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The Basis of an Effective Interpersonal Interaction Expository Essay

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Updated: Mar 9th, 2022

Principles and Misconceptions in Interpersonal Communication

For you to gain a better understanding of interpersonal communication, it would help to familiarize you with the principles of interpersonal communications. A key principle of interpersonal communication is that it cannot be avoided. Communication researchers assert, “You cannot communicate” (West & Turner, 2010, p. 26). You and your partner are therefore bound to communicate even when you think you are being uncommunicative. You cannot prevent the other person from deriving some meaning out of your behavior.

For example, if you chose to give someone the silent treatment, that is still communication and the person will attach meaning to your silence. The other principle of interpersonal communication is that it is irreversible and once you have said something, you cannot revoke it. Whenever you say something to your partner, it is out and it will have an effect on your relationship. You should therefore exhibit caution since a word said in haste or anger cannot be erased.

Another principle of interpersonal communication is that it is learned. You might take your ability to communicate for granted but it is not a natural thing. Your ability to communicate is learned and as you go through life, you get to refine and cultivate your skills to communicate.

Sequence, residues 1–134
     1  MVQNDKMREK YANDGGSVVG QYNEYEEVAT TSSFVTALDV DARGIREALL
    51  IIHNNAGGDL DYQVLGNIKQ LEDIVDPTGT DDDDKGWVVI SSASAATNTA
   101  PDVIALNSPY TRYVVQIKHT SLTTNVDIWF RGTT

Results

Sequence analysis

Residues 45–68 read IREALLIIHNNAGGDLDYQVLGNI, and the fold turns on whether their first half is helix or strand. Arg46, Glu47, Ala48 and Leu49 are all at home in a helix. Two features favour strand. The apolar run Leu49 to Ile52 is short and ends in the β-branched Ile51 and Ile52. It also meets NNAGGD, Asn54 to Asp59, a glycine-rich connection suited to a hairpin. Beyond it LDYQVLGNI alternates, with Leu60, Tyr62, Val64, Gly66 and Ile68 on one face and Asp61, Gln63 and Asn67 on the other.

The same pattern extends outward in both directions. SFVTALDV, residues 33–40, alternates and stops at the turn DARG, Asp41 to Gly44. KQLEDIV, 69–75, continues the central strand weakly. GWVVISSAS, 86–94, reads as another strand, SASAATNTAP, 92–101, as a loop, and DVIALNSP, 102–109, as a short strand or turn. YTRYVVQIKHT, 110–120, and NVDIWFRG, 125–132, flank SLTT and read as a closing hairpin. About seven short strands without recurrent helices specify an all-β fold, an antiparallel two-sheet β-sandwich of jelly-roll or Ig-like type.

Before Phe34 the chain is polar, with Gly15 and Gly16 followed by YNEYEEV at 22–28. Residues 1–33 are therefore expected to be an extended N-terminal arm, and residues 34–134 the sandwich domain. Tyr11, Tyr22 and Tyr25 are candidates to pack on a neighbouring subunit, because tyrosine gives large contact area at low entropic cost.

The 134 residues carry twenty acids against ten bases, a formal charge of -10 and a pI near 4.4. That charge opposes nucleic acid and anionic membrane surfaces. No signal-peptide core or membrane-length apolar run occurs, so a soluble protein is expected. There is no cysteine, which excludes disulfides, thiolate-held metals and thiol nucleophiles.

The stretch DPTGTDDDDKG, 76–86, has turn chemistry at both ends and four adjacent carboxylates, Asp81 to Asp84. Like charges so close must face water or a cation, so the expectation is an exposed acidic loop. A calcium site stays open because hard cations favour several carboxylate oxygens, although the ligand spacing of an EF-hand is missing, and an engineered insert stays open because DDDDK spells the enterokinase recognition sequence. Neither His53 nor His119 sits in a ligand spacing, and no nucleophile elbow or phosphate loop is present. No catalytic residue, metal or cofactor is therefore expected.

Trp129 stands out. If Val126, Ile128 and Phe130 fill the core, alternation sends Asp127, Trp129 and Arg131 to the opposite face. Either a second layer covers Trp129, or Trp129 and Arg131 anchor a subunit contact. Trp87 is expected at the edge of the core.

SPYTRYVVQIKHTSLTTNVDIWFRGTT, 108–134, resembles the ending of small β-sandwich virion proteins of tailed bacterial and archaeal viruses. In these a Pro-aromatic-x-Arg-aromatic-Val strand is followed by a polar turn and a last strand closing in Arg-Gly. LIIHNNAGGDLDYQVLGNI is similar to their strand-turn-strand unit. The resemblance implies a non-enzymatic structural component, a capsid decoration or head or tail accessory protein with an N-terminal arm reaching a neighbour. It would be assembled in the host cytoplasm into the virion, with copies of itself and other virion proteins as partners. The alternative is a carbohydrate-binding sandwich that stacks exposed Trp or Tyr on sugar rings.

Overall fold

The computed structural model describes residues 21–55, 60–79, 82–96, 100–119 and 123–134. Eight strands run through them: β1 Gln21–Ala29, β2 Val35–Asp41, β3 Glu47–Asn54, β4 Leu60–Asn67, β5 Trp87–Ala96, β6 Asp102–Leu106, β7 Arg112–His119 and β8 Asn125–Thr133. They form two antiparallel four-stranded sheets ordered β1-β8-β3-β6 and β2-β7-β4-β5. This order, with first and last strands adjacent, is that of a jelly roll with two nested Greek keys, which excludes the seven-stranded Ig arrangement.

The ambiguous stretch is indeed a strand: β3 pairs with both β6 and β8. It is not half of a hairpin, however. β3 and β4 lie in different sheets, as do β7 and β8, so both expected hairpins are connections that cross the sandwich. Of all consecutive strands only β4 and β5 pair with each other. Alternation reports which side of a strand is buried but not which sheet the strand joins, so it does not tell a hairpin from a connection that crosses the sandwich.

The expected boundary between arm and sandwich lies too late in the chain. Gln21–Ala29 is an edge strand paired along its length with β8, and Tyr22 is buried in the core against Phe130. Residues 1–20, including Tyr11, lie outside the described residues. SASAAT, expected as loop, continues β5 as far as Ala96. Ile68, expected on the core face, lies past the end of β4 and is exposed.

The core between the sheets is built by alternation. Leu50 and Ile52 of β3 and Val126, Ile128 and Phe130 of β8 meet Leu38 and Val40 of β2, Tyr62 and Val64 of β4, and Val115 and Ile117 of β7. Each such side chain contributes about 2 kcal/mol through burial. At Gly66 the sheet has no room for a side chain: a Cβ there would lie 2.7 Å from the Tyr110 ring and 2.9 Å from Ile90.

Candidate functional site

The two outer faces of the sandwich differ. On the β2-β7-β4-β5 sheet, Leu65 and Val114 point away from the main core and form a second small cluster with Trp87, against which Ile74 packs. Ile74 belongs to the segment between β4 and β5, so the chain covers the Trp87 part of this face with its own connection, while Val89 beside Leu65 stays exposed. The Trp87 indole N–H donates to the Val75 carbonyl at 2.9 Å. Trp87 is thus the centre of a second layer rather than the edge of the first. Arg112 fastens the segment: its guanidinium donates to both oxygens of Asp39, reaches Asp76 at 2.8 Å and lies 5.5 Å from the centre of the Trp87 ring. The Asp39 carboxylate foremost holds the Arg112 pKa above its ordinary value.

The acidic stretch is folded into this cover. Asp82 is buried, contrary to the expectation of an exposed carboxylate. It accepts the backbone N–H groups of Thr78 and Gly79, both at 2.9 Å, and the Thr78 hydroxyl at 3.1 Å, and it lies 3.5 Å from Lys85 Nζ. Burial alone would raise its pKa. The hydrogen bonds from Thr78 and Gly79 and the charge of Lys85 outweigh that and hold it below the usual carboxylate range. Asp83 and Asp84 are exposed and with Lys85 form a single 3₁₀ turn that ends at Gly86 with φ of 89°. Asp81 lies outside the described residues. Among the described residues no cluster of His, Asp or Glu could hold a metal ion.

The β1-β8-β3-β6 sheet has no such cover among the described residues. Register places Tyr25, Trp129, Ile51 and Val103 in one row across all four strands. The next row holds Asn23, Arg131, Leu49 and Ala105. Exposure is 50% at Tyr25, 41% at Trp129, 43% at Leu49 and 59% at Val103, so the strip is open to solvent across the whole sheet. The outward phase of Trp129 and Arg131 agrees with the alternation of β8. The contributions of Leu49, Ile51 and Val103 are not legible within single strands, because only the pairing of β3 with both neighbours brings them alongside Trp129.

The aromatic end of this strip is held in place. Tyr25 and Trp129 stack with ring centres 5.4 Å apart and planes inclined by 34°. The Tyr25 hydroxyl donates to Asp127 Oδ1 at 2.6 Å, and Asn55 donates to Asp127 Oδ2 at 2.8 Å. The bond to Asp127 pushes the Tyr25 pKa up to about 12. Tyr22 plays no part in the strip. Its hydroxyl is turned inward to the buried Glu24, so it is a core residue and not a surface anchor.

Interpersonal communication is symbolic in nature meaning that communication makes use of symbols. West and Turner (2010) explain that communication is able to occur since the communicating parties mutually agree upon the symbols. Words are symbols and you and your partner understand what words like “sit”, and “car” mean. An important point to consider is that if someone does not understand the meaning of a word, it will not have meaning to him/her.

Many people hold some misconceptions concerning effective interpersonal communication. One significant misconception about interpersonal communication is that it is always a good thing. West and Turner (2010) note that this misconception is promoted by many communication experts who encourage people to communicate at all times.

While it is true that interpersonal communication can yield positive results, it is not always a good thing. When you engage in interpersonal communication with the aim of manipulating, deceiving or abusing your partner, then communication is not a good thing. In such an instance, it would be better if interpersonal communication did not take place.

A common misconception by many people is that interpersonal communication is natural and just a matter of common sense. While communication might seem like the most natural thing to do, effective communication might require skills (Kirst-Ashman, 2010).

When you assume that interpersonal communication is a matter of common sense, you will assume that people intuitively know how to communicate. You will therefore be unwilling to consider that your partner might not be as skilled in communication as you are and this will lead to problems.